Courses  Instructors  How It Works Plans & Pricing Blog Resources 
x

Log In

Log In 
Don't have an account? Sign Up

Reset Password

Submit 
An email has been sent with instructions on how to reset your password.

Sign Up For Free

Then join a course

Our store is currently undergoing maintenance. Check back in a few hours.
Already have an account? Log In

 

learning guitar

When we last left off, ArtistWorks founder David Butler was finally learning how to play guitar after receiving a Sears Silvertone (read Part 3 here). David's experience learning guitar ultimately inspired him to develop a new way to learn guitar online by establishing ArtistWorks, a company dedicated to providing a better way to teach and learn music. We find him now in the waiting room of the Jack Marshall Music Store, waiting for his first guitar lesson.

David encapsulates his musical journey in ArtistWorks’ newest course, Beginner's Guide to Acoustic Guitar. Taught by David, these online music lessons provide fundamental acoustic guitar lessons for beginners in a fun, approachable manner. You’ll learn how to play acoustic guitar through lessons that are based on the songs of your youth, including tunes by The Beach Boys, Van Morrison and Neil Young.

Part 4: Duane Breaks My Heart
 

I soon found myself sitting in the music lesson waiting area at the back of the Jack Marshall Music store.  I was twelve years old, and my mom sat beside me on the worn couch.

A cacophony of beginner music lessons was in the air -- I could hear squeaky clarinets, belching trumpets and tubas, pianos and snare drums.  I had my trusty Silvertone with me (I carried it around with no case).

As much as I loved my guitar, it looked shabby compared to the racks of new guitars in the store.  Hanging along the periphery were rows of Gibson and Martin acoustic guitars, Fender and Hagstrom electric guitars and basses.  Against the wall were tan guitar amplifiers and also the newer-style black Fender amplifiers. There were banjos and mandolins and autoharps, and even an accordion.  At the front of the store was a glass counter, and in inside it were hundreds of styles of picks (nickel each), guitar strings (buck-fifty a pack), and harmonicas.  I loved being in the store, it was a sensory feast of color and sound.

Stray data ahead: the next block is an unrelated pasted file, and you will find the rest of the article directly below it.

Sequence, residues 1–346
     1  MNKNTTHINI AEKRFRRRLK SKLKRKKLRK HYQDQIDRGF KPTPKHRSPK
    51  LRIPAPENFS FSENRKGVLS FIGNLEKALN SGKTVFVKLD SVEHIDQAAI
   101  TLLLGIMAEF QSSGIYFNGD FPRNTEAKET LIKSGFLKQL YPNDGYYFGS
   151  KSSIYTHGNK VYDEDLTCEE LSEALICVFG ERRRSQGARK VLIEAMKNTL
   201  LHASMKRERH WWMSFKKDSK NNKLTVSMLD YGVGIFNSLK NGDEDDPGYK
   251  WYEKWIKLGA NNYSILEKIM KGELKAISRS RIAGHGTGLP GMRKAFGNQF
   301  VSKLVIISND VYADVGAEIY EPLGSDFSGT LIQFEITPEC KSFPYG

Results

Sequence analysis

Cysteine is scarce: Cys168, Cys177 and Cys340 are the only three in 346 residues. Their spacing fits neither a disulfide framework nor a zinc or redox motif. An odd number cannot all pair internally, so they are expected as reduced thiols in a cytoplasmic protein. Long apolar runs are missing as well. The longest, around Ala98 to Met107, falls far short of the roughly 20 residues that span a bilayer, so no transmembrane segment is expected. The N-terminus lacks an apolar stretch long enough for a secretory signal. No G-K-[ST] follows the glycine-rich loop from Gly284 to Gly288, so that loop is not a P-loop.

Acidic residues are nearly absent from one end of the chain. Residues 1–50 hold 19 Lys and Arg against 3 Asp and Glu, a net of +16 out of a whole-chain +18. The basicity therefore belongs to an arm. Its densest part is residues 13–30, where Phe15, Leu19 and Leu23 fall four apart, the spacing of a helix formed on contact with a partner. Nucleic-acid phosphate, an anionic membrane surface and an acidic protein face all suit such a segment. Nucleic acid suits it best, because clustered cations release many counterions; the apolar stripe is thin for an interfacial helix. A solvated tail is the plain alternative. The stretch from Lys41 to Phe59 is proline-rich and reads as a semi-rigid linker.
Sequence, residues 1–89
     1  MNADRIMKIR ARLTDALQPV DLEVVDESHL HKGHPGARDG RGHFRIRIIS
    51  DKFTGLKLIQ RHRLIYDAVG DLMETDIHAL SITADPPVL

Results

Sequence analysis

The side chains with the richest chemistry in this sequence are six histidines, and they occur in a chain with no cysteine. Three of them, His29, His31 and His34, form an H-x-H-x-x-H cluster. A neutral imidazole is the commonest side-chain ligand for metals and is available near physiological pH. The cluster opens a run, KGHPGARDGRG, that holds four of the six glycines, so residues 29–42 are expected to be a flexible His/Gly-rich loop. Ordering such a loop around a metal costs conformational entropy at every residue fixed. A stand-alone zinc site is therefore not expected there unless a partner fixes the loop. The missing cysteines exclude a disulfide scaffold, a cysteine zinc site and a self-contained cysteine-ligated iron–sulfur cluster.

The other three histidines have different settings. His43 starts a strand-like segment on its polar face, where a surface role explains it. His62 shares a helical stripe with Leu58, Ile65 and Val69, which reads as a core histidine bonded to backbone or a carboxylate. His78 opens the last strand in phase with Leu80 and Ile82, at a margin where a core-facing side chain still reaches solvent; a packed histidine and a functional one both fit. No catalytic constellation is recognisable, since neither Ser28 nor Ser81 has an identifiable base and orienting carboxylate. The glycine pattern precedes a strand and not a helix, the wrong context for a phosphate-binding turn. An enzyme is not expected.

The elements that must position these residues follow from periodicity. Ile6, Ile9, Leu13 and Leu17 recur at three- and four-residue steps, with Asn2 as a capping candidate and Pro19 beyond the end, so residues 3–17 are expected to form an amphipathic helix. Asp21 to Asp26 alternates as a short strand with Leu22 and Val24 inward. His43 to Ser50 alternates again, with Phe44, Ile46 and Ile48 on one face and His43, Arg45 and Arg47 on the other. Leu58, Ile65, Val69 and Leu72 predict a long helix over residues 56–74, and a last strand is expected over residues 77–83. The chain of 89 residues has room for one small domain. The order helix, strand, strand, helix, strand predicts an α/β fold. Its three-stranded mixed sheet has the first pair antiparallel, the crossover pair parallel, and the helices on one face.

About five minutes later, a woman called my name and told me to see Duane in the lesson room area.  My heart began to race.  It hadn't occurred to me to request a specific teacher, so I had been assigned one, Duane, a gaunt man in his early-thirties.  He wore a too-large, stained bowling shirt and had a lit cigarette hanging from the side of his mouth.  He led me into one of the little rooms in the back of the store, a room just big enough for two chairs and a music stand.

"Sit down," he said with the lit cigarette flipping up and down in his mouth.  I sat down with my guitar on my knee, and Duane sat down in his chair and looked at me, obviously bored.  To him, I was another kid at the end of a long day, another three dollar lesson.

"Let me have your guitar" he finally said.  I handed it to him and he reached down to a guitar in an open case on the floor behind us, and plucked its high 'E' string.  "Got to tune you up, kid" he told me.
 
He proceeded to tune my Silvertone as best he could, fighting its cheap tuning pegs and dead strings.  "Get your mom to buy you new strings before you come back," he mumbled as he handed my guitar back to me.
 
He slowly pulled the guitar behind us out of its case, and I immediately noticed a price tag hanging from one of its tuning pegs. "It's not mine," he said, "I just grab any old guitar to teach with."  It was a Gibson Hummingbird acoustic guitar, the most beautiful guitar I had ever seen up close.  The price tag said "$425".
 
gibson hummingbird
 

I quickly computed that his guitar was worth over four hundred dollars more than mine.  Wow.  Duane reached over to the Alfred's Basic Guitar Method Book on the music stand, and opened it to page one.

"Kid, first thing you have to do is learn to read music."  He played the first exercise from method book, a line of single notes all within the first 3 frets, played on the 'E' and 'B' strings.  He never asked me to show him what I already knew.  He never asked me want I wanted to learn.  And he never called me anything except "kid".

He taught from the method book, that's just what you got for $3.00, like it or not.  And the line he played from exercise one had nothing to do with anything. My heart sank.  

guitar method book
 
Next:  A Fierce Cycle of Music Education Mediocrity
 

Read Part 1

Read Part 2

Read Part 3

Read Part 5

Read Part 6

 

X

Affordable Plans

Each subscription is for a single school. Pricing and features can vary slightly per school.

$35
1 Month membership
renews monthly
Unlimited Access to Lessons
Unlimited Video Exchanges
Exclusive Content
Forums
$35/month (prepaid)
$90
3 Month membership
renews every 3 months
Unlimited Access to Lessons
Unlimited Video Exchanges
Exclusive Content
Forums
$30/month (prepaid)
$240
12 Month membership
renews every 12 months
Unlimited Access to Lessons
Unlimited Video Exchanges
Exclusive Content
Forums
$20/month (prepaid)
X